Catching Fire

Catching Fire

By Suzanne Collins

The second book in The Hunger Games trilogy, I was eager to dive in after how much I enjoyed the adventure of the first.

Catching Fire is definitely a continuation of the wild adventure of the first book- to an unexpected degree. I don’t want to give anything away BUT let’s just say that I didn’t expect the quarter quell to be what it was, and then when it was what it was, I didn’t think it would go how it went for the most part- until it then went how I thought it would go from the beginning. You dig? If you haven’t read it, this makes no sense. If you have read it, you’re probably nodding along thinking, “I dig.”

While I totally enjoy this series and find myself reading later into the night than is probably very wise, I am so over the romance angle- though I have to keep reminding myself that I am not the target audience. It’s definitely beginning to feel like (what I imagine to be) a Twilight sort of situation- the whole “who should she choose? The sensitive guy who loves her unconditionally or the tough guy who knows her completely and has been there from the beginning? I don’t care. Just bang one of them and get it over with.

Another source of mild annoyance was Katniss’ thought process, which often felt like a blatant attempt by Collins to get the reader on the wrong track, when it seems obvious what the right track is. It makes this otherwise strong heroine seem a little… dare I say it?--- hysterical.

I enjoyed the slow rise of the revolt and the symbol of the mockingjay as a sign of the rebellion. As with the first, I love the different elements of the game and how totally real Collins makes this world with her use of details and consistency. In other series, I would get annoyed with the way that lazy authors write the first few novels and then, in later books, make desperate reaches like “remember that one casual scene where the girl walked into the room? Well, you might not have noticed it but there was a rock in the corner of that room, and that rock somehow plays a crucial role in the entire series as a whole.” No, you didn’t intend that from the beginning you freaking liar. Don’t try to act like you had foresight that you didn’t!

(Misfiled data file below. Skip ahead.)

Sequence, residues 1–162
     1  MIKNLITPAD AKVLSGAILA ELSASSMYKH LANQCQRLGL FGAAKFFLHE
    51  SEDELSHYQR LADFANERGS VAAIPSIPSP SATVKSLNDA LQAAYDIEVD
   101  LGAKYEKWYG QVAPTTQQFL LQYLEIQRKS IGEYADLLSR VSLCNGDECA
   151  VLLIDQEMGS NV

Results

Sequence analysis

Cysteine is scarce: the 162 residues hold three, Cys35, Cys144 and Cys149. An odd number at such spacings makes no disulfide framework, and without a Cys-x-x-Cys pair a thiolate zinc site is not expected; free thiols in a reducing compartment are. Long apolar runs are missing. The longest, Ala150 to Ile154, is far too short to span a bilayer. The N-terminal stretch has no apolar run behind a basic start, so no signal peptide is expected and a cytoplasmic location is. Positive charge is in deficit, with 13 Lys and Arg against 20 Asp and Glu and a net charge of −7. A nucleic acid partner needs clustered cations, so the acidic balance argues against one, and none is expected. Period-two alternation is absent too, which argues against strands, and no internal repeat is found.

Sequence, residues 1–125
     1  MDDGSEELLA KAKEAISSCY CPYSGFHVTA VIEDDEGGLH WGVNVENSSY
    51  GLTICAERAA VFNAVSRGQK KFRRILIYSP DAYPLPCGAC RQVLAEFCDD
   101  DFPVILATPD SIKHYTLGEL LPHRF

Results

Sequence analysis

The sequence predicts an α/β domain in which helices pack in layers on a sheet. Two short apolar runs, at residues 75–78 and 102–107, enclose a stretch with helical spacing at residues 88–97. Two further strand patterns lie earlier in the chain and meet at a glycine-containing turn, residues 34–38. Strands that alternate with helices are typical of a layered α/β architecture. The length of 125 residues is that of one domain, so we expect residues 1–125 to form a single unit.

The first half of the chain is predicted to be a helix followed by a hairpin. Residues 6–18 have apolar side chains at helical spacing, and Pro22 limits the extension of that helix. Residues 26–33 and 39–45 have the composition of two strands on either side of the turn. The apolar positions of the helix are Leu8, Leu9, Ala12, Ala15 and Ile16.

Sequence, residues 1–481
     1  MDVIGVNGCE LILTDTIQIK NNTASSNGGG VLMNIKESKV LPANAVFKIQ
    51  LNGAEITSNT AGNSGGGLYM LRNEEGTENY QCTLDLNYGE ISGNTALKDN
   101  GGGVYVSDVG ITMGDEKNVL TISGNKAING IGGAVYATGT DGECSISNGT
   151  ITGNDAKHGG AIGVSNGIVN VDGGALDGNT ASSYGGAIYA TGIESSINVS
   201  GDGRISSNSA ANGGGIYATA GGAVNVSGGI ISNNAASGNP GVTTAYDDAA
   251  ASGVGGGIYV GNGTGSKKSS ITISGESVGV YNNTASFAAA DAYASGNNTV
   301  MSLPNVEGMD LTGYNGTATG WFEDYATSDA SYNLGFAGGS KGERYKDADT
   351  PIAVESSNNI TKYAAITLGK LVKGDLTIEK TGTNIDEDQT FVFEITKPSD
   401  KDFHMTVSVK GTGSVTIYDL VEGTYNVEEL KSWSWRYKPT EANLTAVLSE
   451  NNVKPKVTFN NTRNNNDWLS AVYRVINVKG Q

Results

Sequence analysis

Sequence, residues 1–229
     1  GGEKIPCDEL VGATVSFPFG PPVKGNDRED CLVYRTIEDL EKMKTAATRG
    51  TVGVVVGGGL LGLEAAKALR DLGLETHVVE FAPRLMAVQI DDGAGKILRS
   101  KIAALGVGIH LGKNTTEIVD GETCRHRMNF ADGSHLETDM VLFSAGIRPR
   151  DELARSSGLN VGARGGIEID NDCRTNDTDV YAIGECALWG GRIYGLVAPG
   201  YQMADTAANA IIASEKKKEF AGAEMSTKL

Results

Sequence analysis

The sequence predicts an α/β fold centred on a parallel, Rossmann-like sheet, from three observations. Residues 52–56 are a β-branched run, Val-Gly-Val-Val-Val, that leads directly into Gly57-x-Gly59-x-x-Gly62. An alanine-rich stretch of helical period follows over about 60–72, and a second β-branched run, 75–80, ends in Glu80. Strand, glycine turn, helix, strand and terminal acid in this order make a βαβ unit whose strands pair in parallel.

THANKFULLY, this is not the case here. Collins, clearly mapped out the books carefully (at least from what I can see) and does a great job of foreshadowing and leaving important hints for readers to play with.

I am eager to read the last book in the series and see what happens- especially hearing so many people mention that they aren’t sure how they feel about the ending of the series. I can’t help but read the first two trying to predict what will happen at the end of the third that will bother me. Oh well, into the third book I happily dive!

1 comment:

  1. I felt the same way about Catching Fire. I struggled with Katniss' thought process and the author's attempts at deception, too, but much less so than in Harry Potter books (which I loved, but wanted to scream at Harry for being such an idiot most of the time). The middle book doesn't have the same excitement of the first. Even so, I love, love, love the richness of the world that Collins created so much that I couldn't give it less than five stars.


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